Helen Marie Ryan Wyman, Hostess And Generous Patron Of The Arts
Helen Marie Ryan Wyman was beautiful and kind, a gregarious hostess, a generous patron of the arts, and a fun-loving mother, friends and relatives say.
Most of all, Mrs. Wyman of Seattle knew how to bring out the best in other people.
"Mother just injected so much vitality and color in people's lives," said Deehan Wyman, a daughter.
"She had a way of tapping that potential in people and it made them feel good. She was honestly interested in what you were saying and people would open up because they knew she cared."
When Mrs. Wyman died Monday (Dec. 9) at age 71, friends said it was the "end of an era."
She is remembered not only for her spirited laugh at parties hosted in her comfortable Broadmoor home to benefit the arts, but also for her quiet kindnesses. If a friend was sad because their dog or cat died, Mrs. Wyman would be the first to send flowers or a pie to cheer them up.
Mrs. Wyman treasured her friends, who were of all ages and from all walks of life, said another daughter, Virginia Wyman.
Her mother was among the society notables on guest lists at formal charity events, but she was also friends with fishmongers, booksellers, ship pilots, artists, gallery owners and just about everybody else.
"She'd make friends wherever she was," Virginia Wyman said. "If she were at a party or meeting or a dinner, she'd meet people because she was so interested in them."
When Deehan Wyman was a teenager, she remembers inviting friends to the house and feeling so proud of her mother.
"She stepped into our world," Deehan Wyman said. "My friends were as comfortable with her as we were. With their own mothers and fathers, it was more of a parent thing."
People hired to run the Wyman household use the same reverent tone and kind words to describe Mrs. Wyman as do her friends and family.
That's because Mrs. Wyman treated them like friends and made them feel like part of the family, said housekeeper McAdam "Mackie" Williams and governess Ethel White.
"I'm black and it made no difference with her," said Ethel White, who lived with Mrs. Wyman 37 years, helping raise the five children starting when both women were 27.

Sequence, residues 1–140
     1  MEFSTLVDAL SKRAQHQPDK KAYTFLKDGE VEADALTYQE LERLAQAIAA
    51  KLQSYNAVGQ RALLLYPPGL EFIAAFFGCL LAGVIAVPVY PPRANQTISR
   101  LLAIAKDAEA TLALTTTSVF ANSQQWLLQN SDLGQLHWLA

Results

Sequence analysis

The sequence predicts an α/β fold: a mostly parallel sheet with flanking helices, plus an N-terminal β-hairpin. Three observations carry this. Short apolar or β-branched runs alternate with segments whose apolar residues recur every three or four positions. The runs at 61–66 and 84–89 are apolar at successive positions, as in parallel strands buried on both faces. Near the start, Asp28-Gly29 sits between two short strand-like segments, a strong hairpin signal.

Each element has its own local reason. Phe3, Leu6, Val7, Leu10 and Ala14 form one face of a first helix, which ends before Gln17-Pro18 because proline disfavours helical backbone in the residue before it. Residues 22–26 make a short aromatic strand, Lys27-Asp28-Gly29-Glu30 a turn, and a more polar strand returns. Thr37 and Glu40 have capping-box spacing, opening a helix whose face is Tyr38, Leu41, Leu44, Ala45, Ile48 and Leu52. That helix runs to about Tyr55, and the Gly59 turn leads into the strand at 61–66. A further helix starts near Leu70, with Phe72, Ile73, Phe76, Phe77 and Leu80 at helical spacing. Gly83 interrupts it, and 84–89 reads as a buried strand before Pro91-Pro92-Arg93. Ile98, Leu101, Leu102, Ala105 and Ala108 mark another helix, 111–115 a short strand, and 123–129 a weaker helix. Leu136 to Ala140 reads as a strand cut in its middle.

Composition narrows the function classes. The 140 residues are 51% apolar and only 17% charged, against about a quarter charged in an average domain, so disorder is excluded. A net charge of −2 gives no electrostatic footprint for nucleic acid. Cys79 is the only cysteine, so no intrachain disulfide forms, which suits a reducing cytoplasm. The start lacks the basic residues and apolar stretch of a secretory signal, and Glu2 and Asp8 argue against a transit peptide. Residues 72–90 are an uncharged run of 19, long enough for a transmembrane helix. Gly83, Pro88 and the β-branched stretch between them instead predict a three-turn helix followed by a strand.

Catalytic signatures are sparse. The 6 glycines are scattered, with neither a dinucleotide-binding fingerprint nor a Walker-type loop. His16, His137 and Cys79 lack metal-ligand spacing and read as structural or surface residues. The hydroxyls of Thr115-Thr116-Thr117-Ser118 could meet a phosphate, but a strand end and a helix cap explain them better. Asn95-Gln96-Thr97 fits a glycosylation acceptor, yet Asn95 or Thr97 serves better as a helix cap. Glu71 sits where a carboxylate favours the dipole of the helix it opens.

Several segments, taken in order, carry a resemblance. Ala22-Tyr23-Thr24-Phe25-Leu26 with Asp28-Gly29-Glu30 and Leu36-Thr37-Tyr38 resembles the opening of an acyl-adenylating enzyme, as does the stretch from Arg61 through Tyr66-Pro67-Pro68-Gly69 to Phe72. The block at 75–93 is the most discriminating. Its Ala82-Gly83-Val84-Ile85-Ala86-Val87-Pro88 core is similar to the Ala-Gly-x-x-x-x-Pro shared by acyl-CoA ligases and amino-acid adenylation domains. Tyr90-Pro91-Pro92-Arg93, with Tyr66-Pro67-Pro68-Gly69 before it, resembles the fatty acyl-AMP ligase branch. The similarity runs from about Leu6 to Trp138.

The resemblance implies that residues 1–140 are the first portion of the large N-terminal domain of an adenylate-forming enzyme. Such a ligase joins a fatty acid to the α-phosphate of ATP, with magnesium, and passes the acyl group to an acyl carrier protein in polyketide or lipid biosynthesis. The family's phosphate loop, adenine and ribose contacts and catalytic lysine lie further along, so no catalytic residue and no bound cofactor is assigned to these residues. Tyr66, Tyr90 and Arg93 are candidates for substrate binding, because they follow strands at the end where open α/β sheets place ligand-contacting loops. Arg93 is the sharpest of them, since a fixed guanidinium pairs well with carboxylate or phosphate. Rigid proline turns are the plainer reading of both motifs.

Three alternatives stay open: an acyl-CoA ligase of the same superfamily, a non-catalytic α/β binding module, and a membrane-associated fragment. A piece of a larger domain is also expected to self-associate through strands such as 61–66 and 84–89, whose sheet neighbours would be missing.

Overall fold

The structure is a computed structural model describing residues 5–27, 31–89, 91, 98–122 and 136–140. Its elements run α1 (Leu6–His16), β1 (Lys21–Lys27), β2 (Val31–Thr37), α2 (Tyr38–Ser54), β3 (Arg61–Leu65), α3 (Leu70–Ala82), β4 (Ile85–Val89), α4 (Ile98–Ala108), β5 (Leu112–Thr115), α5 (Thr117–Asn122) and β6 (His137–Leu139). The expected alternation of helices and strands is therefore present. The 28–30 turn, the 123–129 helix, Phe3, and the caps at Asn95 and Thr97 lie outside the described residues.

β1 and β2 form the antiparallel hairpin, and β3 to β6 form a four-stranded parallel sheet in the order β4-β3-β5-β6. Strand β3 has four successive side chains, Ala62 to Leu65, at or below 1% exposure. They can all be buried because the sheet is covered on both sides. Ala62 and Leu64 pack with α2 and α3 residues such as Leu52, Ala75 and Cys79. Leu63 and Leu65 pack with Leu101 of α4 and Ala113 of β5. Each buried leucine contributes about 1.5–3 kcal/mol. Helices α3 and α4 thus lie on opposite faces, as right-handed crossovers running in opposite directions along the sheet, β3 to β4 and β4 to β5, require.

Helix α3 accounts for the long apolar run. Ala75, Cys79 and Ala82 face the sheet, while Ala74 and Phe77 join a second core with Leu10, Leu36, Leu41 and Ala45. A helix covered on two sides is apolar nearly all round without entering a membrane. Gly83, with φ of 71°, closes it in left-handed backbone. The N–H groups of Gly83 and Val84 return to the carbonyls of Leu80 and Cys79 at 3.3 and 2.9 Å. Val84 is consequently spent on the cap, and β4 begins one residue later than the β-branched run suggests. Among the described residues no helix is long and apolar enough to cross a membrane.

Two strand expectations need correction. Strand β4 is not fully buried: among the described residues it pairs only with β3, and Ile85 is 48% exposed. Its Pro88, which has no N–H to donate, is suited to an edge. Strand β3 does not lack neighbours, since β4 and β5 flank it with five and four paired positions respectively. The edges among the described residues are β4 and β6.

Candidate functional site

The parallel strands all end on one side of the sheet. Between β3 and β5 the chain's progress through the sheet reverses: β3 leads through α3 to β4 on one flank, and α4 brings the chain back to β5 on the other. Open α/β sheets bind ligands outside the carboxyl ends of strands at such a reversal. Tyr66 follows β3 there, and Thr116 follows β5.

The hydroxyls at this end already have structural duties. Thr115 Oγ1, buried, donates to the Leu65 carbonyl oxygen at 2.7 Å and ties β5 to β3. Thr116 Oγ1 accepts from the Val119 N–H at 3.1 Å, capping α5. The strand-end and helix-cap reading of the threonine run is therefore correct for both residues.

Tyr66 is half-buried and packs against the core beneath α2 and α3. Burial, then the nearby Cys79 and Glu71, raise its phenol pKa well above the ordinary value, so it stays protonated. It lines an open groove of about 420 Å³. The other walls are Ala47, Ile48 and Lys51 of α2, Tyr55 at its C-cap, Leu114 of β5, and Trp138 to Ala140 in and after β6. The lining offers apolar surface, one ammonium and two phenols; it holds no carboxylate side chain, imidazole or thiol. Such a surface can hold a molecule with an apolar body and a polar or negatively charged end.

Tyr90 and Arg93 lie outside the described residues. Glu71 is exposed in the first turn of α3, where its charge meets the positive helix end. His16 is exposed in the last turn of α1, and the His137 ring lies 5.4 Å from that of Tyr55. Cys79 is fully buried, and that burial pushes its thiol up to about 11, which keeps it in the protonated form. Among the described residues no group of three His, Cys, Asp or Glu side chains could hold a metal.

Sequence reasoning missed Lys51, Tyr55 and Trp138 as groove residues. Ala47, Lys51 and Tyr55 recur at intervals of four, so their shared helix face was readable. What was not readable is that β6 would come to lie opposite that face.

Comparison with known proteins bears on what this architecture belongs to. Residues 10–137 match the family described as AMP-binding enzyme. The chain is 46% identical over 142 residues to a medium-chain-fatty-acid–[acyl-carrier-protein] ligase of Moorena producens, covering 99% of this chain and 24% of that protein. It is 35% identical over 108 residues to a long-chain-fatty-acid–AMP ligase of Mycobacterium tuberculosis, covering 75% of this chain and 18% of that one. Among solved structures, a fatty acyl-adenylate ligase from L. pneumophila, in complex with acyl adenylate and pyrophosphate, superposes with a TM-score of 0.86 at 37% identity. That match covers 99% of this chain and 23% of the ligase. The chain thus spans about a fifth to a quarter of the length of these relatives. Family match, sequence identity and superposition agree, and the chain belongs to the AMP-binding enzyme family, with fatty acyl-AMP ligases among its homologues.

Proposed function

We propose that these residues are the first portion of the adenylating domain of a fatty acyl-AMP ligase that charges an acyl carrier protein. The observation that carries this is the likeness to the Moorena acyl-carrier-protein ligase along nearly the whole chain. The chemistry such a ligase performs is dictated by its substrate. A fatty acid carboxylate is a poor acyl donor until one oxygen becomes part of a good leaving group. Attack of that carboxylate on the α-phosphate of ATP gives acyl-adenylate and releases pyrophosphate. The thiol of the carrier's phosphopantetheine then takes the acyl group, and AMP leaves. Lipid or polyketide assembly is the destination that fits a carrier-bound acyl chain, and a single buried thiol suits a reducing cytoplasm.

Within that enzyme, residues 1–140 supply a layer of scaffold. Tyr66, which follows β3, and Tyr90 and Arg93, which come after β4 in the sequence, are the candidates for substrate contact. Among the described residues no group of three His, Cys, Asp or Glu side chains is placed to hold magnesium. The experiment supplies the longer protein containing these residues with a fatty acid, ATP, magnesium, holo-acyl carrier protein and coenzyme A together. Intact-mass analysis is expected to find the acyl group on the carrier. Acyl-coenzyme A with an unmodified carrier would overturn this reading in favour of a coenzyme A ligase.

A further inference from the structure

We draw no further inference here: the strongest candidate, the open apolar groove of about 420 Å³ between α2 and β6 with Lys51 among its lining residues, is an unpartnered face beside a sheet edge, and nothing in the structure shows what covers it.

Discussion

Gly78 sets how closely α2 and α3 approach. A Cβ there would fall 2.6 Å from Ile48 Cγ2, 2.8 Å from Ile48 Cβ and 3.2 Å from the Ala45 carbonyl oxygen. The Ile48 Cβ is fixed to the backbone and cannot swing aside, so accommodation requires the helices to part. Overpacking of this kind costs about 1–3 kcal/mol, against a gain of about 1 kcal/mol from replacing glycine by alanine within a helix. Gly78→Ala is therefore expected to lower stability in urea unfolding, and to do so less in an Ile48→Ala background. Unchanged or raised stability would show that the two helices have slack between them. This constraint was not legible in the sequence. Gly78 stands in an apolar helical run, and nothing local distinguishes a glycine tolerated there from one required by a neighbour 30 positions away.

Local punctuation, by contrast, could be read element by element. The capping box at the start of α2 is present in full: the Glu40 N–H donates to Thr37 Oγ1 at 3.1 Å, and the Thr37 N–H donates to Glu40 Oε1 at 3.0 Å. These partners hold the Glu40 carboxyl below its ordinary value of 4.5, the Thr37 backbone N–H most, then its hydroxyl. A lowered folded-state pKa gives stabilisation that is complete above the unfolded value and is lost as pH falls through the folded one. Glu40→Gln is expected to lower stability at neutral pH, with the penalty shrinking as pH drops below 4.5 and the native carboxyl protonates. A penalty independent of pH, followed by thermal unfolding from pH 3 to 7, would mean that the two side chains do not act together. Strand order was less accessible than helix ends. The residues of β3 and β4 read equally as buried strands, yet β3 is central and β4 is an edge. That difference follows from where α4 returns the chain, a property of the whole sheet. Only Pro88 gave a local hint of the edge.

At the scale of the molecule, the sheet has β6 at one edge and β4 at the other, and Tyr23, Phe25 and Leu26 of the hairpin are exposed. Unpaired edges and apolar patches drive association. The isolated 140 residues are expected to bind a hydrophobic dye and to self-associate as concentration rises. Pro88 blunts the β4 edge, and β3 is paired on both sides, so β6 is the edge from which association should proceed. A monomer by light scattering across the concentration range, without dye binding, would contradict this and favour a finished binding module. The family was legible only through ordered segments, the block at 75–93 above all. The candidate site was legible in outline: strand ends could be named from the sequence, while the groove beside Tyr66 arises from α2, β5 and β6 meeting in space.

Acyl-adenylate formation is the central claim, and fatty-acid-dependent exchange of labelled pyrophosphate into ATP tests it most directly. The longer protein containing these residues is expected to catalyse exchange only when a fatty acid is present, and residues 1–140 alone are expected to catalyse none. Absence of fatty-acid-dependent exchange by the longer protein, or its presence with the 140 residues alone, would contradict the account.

"It's like we grew up together. Even though I was working for her, she was still my best friend."
Mrs. Wyman's curiosity in people, history and the world coupled with her strong memory made her an excellent conversationalist.
She fueled that curiosity with late-night trips to the Elliott Bay Book Co. in Pioneer Square, Deehan Wyman said, where she opened the store's first charge account.
Mrs. Wyman would browse in the wooden stacks, pick a few hardcovers and have her driver whisk her home, where she'd devour the books in bed.
"She referred to herself as curious," said Deehan Wyman.
"She instilled that curiosity as a human being in all of us. It's a pretty good gift. It's the basis of education, wanting to know things."
Mrs. Wyman was born in Illinois and moved to Seattle as a young girl. She graduated from the old Queen Anne High School and attended the University of Washington.
Her many activities included the Junior League of Seattle, Seattle Historical Society, Anna McMillan Guild of Children's Hospital and Poncho. She belonged to the Sunset Club, Seattle Tennis Club, Washington Athletic Club and Seattle Yacht Club.
Mrs. Wyman was preceded in death by her husband, David E. Wyman, her daughter, Helen, and her brother, Jack Ryan.
Survivors include her son, David E. Wyman, his wife, Linda, and grandson, Charles McCall; daughters, Ann, Deehan, and Virginia; a nephew, Sean Ryan and his wife, Shawn, all of Seattle.
Mass of Christian Burial will be at 10:30 a.m. Monday at St. Anne Church on Queen Anne Hill. Burial will follow at Calvary Cemetery.
Her family suggests memorials to the Plestcheeff Institute for the Decorative Arts or Catholic Community Services.
Copyright (c) 1991 Seattle Times Company, All Rights Reserved.